A Raleigh-based developer is moving forward with a long-stalled plan to build a residential neighborhood in the southeastern corner of Huntersville.
Planned for 85 acres of undeveloped land north of Hambright Road, the subdivision would include 200 single-family detached homes amid open space and recreational trails.
While construction is at least a year away, pending further approval, it is one of the first residential components of an expansive mixed-use development that are taking shape, said David Peete, a principal planner with Huntersville. The other projects underway are just south of where the subdivision is planned: a 300-unit apartment complex and about 80 adjacent townhomes.
The Bryton development stretches over some 500 acres near the intersection of Old Statesville and Eastfield roads. It is one of the biggest projects of its kind in the nation, according to one of the two developers behind it. In addition to the single-family homes, it calls for 2,300 multifamily dwellings and about 2.2 million square feet of industrial and retail space.
Sign Up and Save
Get six months of free digital access to The Charlotte Observer
“The vision is a city within a city,” said Peete, who is overseeing the project for the town.
Envisioned by two real estate development companies with the help of the town, Bryton was planned to take shape over three decades.
It was approved by Huntersville more than 10 years ago, with the town rezoning much of the expanse for what is known as transit-oriented development. That zoning classification involves high-density development that would support various modes of transportation, such as a light-rail line, laying the groundwork for what Peete described as a “very aggressive” project.
Indeed, the site had undergone some $30 million in infrastructure improvements. Old Statesville Road, or N.C. 115, was widened. Hambright Road was extended, and a section of the existing rail line was realigned.
But it was shelved amid the 2008 financial crisis, with one of the companies relinquishing ownership of its share of the property, which covers the northern section and is designated for residential development.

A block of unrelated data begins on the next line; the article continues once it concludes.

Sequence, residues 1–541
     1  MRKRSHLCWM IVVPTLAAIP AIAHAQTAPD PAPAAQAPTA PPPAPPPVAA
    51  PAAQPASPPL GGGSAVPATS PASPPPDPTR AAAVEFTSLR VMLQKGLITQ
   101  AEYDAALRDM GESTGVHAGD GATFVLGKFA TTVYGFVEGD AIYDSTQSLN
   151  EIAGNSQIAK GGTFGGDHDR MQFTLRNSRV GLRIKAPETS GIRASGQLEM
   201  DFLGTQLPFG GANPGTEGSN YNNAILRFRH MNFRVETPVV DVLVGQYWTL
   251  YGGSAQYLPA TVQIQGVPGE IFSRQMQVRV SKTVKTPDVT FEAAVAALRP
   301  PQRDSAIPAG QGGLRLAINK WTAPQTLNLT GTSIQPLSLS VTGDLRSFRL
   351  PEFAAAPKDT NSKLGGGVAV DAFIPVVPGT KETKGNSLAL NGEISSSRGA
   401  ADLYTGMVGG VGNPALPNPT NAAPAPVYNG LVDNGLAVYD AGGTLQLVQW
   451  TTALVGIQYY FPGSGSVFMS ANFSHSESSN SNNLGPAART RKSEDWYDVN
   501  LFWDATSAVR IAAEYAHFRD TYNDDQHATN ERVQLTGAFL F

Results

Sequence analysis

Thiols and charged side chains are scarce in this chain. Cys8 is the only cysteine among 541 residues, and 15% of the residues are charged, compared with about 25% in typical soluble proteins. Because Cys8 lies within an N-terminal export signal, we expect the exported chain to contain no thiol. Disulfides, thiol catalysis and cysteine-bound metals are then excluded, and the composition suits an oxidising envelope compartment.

The other company, Charlotte-based American Asset Corp., has retained ownership of the southern part, where commercial development is planned. The site’s first occupants, a McDonald’s restaurant and a Walmart store, arrived there over the past few years.
The northern section was bought in recent years by the company behind the subdivision, LStar Management LLC, which has proposed a number of projects, Peete said.
The subdivision was originally proposed in 2006. It has remained largely unchanged since the developer took control, though it does include considerably more open space. Among the features is a creekside greenway.
“Our plan saves more trees,” Scott Munday, division president for LStar Management, told commissioners at a regular meeting in early January. The board unanimously approved a revised sketch plan for the multi-phase project.
A preliminary plan awaits approval from town staff, with construction not expected to begin until at least early 2017, Peete said.
Meanwhile, preliminary construction work is underway at the site where the market-rate apartments and townhomes are planned, with the building of a new road running perpendicular to Hambright Road that will extend to the subdivision, Peete said.
Once that road is built, construction of the complex will begin, perhaps as soon as spring, he said. Construction of the townhomes is expected to start soon thereafter.
Jake Flannick is a freelance writer: firstname.lastname@example.org